Poetry Unbound

Ilya Kaminsky

We Lived Happily During the War

Last Updated

June 14, 2021


The opening poem to Ilya Kaminsky’s masterpiece, Deaf Republic, is written in the voice of someone who is confessing their complacency during a time of trial. There’s a war going on, but it doesn’t affect the person speaking, so they don’t get involved. Instead they stayed outside and caught the sun. They lived happily during the war, and are now saying (forgive us). This poem leaves us wondering what it would mean to make such a confession, to ask for forgiveness, and whether it’d do any good.

Guest

Image of Ilya Kaminsky

Ilya Kaminsky was born in Odessa, former Soviet Union in 1977, and arrived in the United States in 1993, when his family was granted asylum by the American government. He is the author of Deaf Republic and Dancing In Odessa, and has co-edited and co-translated many other books, including Ecco Anthology of International Poetry and Dark Elderberry Branch: Poems of Marina Tsvetaeva. He holds the Bourne Chair in Poetry at Georgia Institute of Technology and lives in Atlanta.

Transcript

[music: “Praise the Rain” by Gautam Srikishan]

Pádraig Ó Tuama: My name is Pádraig Ó Tuama, and I, like lots of people, had been waiting for the book Deaf Republic, by Ilya Kaminsky, to come out for months. It was eagerly anticipated. And I was flying home from Minneapolis to Ireland, and I was able to buy it in the airport. And I’d read it three times before I arrived back in Dublin. It was Ash Wednesday, and so I and loads of other people had ashes on our forehead. And I always associate this book with reading it on packed planes with people who had ashes on their forehead, a book that asks people to pay attention to their complicity.

“We Lived Happily during the War” by Ilya Kaminsky:

“We Lived Happily during the War”

“And when they bombed other people’s houses, we

protested
but not enough, we opposed them but not

enough. I was
in my bed, around my bed America

was falling: invisible house by invisible house by invisible house—

I took a chair outside and watched the sun.

In the sixth month
of a disastrous reign in the house of money

in the street of money in the city of money in the country of money,
our great country of money, we (forgive us)

lived happily during the war.”

[music: “Every Place We’ve Been” by Gautam Srikishan]

So this poem, “We Lived Happily During the War,” it’s the opening poem in a book called Deaf Republic, by Ilya Kaminsky. And the book Deaf Republic is a poetry collection, but it’s also a story, almost like a piece of theater — it has a cast of characters at the start. And reading through the poems, you’re learning about these characters, and you’re wondering, what’s going to happen?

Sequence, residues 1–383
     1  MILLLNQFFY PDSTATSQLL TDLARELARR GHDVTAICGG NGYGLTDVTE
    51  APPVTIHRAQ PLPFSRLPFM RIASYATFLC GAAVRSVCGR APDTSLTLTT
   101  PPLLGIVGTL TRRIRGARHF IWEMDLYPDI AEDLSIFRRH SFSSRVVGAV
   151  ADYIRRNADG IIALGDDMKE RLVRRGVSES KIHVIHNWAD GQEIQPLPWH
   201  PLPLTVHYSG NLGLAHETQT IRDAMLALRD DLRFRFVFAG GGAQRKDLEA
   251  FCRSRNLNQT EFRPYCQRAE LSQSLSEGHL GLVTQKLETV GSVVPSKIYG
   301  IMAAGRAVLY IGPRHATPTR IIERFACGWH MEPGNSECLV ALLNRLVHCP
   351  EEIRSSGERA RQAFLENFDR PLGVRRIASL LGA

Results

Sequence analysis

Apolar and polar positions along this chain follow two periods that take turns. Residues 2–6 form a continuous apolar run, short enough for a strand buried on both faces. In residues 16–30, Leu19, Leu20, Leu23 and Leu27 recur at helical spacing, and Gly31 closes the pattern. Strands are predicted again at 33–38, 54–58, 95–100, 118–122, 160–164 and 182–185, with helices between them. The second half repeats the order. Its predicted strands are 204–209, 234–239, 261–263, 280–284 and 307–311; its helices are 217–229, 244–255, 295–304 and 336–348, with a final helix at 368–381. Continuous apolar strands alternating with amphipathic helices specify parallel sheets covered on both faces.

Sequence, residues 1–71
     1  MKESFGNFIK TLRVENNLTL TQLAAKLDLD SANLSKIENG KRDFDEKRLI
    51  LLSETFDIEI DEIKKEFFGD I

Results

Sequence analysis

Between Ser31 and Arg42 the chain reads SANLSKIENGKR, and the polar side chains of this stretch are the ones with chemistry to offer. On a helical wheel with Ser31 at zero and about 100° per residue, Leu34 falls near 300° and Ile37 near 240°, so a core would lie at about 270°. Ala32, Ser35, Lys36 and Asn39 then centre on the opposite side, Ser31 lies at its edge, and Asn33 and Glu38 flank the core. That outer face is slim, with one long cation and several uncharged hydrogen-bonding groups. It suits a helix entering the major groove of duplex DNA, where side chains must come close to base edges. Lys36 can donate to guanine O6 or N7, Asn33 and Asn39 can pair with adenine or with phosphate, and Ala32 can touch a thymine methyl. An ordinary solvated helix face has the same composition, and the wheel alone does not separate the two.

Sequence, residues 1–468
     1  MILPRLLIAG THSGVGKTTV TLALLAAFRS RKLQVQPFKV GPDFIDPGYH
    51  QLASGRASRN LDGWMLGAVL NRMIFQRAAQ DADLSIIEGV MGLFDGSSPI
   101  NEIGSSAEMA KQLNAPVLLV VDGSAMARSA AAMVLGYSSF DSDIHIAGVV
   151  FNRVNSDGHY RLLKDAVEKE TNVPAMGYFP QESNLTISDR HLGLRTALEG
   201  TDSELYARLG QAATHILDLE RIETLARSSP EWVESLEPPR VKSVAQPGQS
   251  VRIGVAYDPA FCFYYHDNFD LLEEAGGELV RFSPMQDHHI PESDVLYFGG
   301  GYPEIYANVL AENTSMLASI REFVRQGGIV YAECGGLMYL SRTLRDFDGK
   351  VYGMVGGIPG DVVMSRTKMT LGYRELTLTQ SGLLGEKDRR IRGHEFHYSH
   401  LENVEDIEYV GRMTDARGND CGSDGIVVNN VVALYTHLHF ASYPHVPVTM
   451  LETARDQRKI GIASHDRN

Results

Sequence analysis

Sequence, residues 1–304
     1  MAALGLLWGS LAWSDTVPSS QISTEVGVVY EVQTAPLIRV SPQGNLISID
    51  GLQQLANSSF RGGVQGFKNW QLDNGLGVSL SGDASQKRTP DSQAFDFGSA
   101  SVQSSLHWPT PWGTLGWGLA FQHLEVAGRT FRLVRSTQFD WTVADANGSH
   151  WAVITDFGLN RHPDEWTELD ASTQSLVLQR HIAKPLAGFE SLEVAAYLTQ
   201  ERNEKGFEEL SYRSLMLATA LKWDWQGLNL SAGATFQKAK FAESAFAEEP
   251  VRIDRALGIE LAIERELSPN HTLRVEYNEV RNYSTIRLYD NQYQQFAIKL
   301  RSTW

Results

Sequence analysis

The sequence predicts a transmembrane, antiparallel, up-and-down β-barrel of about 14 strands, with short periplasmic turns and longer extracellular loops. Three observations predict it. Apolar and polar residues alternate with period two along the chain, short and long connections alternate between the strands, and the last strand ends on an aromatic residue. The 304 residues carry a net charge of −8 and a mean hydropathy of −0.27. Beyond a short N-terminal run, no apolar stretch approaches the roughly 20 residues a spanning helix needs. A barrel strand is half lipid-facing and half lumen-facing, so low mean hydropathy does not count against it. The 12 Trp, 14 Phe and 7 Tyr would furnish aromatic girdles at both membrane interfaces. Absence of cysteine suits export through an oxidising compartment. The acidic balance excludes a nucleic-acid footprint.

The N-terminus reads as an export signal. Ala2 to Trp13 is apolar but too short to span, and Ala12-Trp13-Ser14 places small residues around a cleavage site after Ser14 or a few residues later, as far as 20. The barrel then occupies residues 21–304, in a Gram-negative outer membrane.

Ilya Kaminsky was born in Odessa, in the former Soviet Union, now Ukraine, and his family sought asylum in the States, in the 1990s. And the broad storyline of the book is a city or a town called Vasenka — this town maybe sounds like it could be somewhere in Russia. And this book is an exploration about what happens in the city of Vasenka when, at a performance in the town square of a puppet show, soldiers shoot a deaf boy. And the community decide to not listen, as their ethical response. And they coordinate their communication and subterfuge with each other through sign language.

Ilya Kaminsky is deaf himself, and so he is exploring deafness as an ethical response to oppression. He has this fictional town, but also, this fictional town is every town. In this opening poem, he mentions America. He is asking people who are reading the poem or listening to the poem or engaging with it to feel implicated in the question about civic life, and who is comfortable while other people aren’t, and how can you remain comfortable while other people are oppressed.
[music: “White Filament” by Blue Dot Sessions]

The use of repetition in this poem makes it sound what you would call, in literary criticism, “lyric,” coming from the word “lyre,” which is like a little harp that originally, in Greece, people would’ve strummed while they were reciting poetry. This is a devastating poem about  complicity, but yet it has the consolation of lyric poetry. And that’s a really interesting contrast, a poem almost of self-accusation. The poem begs for forgiveness at the end, but the poem also has something of tenderness in it. And it is deliberately not creating and stoking outrage, because, I think, he’s saying that outrage can sometimes flare up but not be carried through on. It is saying, how might we make a serious reckoning with ourself in language that can sing?